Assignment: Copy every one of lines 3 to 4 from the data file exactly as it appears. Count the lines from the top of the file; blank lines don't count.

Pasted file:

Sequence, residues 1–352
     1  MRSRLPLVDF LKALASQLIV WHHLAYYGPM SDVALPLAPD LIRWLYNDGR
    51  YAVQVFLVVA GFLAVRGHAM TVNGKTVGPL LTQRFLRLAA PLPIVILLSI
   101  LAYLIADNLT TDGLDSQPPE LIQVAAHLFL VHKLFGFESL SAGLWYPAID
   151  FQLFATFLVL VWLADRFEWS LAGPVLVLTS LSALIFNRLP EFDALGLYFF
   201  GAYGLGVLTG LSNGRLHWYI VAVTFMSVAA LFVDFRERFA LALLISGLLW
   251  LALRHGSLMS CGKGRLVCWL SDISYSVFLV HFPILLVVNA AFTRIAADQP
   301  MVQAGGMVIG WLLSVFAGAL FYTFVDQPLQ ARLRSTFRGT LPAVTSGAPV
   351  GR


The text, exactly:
    51  YAVQVFLVVA GFLAVRGHAM TVNGKTVGPL LTQRFLRLAA PLPIVILLSI
   101  LAYLIADNLT TDGLDSQPPE LIQVAAHLFL VHKLFGFESL SAGLWYPAID